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The Boy at the Back of the Class


The cast of The Boy at the Back of the Class. Photo courtesy of the Belgrade Theatre.


The Boy at The Back Of The Class, Belgrade Theatre, Coventry, running from 14 – 18 May 2024.

Review by Annette Kinsella.

 

Refugee schoolboy's story shows light at the end of the tunnel. 

 

We live in dark days indeed. Every day there are headlines and news stories about the threat of the small boats making their way across the channel filled with refugees seeking sanctuary and hopeful for a better life. The issue of asylum, always a political football, is kicked around more ferociously than ever, seen as a vote winner or a moral panic spinner.


It is real-life football that plays a major part in the adaptation of The Boy At The Back Of The Class, currently at the Belgrade Theatre. Based on the book of the same name, the story centres on refugee Ahmet (Farshid Rokey), arriving in an inner-city London school with no English and no family, who finds connection with the ebullient Year 5 A Team gang through a mutual love of the beautiful game.


Farshid Rokey as Ahmed. Photo courtesy of the Belgrade Theatre.


It's not all plain sailing. In fact, as analogies go, Ahmed’s life is less a rowboat on the river and more an airbed battling the Atlantic. Not only must he contend with racist bully Brendan, played adeptly by Joe McNamara, but as we gradually learn of his backstory, from his escape from Syria over the mountains, to the death of his sister in the sea and estrangement from his parents, we understand exactly what fate throws at refuges. The production comes into its own as Ahmed’s journey is related – billowing blue sheets become the crashing waves of the English channel, spotlights are transformed into harsh border control search beams, an illuminated school gym hoop shines out as the full moon over the sea.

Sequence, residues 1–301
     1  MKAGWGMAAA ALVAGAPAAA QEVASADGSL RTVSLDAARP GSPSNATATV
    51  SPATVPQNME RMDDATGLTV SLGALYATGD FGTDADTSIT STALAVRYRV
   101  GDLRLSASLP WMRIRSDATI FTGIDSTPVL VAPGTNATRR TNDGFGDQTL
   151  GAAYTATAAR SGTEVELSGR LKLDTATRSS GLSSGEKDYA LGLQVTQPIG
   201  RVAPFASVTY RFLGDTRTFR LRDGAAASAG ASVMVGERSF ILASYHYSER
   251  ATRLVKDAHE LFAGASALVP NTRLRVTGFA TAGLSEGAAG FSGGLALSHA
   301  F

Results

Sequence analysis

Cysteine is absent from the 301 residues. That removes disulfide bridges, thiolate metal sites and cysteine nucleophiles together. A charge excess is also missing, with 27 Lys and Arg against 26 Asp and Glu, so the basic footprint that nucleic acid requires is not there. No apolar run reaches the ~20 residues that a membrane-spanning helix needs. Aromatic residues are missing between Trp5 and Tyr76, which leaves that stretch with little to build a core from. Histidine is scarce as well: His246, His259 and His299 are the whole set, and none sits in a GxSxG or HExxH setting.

Priya Davdra and Petra Joan-Athene. Photo courtesy of the Belgrade Theatre.


The story veers on fantastical, only to be expected from a children’s story– in a bid to successfully unite Ahmed and his family, best friends Alexa (Sasha Desouza-Willock), Josie (Petra Joan-Athene), Michael (Abdul-Malik Janneh) and Tom (Gordon Millar) enlist the help of a friendly taxi driver, two Coldstream Guards and the late Queen Elizabeth herself. The feel-good factor was welcomed by the young audience who greeted the news of Ahmed’s parents’ successful asylum application with enthusiastic  cheers.



Gordon Millar, Petra Joan-Athene, Sasha Desouza-Willock and Abdul-Malik Janneh. Photo courtesy of Belgrade Theatre.


Despite this, director Nick Ahad does not veer from tough issues – parents at the school gates are voracious in their opposition to asylum seekers in the classroom, Alexa freely admits the Prime Minister won’t help Ahmet as ‘it's his government that makes the rules’. But ultimately kindness and compassion win through, leaving us hopeful that even in these murky political times, humanity can provide enough light to see us through the darkness.

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